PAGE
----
This probably isn’t going to be meaningful to anyone other than myself but I’ll post it anyway.
The New York Times asked some notable New Yorkers what they’re looking forward to in the upcoming fall season. A gaggle of bold names contributed a paragraph each. Much of it was fairly ego-centric; theater people were looking forward to upcoming openings, restaurant people were anticipating the fall menu changes, museum curators were anxious for the fall exhibits to open.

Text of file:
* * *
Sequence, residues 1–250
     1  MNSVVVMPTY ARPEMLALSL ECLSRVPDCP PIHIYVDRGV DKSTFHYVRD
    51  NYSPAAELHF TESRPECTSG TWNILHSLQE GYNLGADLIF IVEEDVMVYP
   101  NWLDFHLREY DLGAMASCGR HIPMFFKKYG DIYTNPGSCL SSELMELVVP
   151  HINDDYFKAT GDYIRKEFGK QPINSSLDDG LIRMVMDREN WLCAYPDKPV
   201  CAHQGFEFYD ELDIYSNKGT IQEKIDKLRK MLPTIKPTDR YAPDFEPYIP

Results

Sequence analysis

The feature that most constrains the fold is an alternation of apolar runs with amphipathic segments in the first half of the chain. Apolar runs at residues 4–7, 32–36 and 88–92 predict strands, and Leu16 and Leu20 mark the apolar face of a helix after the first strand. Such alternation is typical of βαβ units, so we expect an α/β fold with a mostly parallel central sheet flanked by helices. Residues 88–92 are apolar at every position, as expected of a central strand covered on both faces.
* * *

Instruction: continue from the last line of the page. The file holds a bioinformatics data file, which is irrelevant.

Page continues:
The very last contribution was from composer and lyricist Charles Strouse. He didn’t mention the latest musicals, as I expected. Rather, he spoke about the city as a whole and it put a big, stupid, humiliating skip in my heart:
Autumn is the time when New York has found the perfect tempo, the perfect weather, when its people walk the streets and look up at the buildings and see the theater marquees and the millions of other people from here and everywhere and swear: this is the best, the most vibrant of cities! People of Denver: please forgive me, I’m in love!
I realize that’s a bushel of hooey but I didn’t see it coming. It was a sneak attack and it clobbered me pretty good.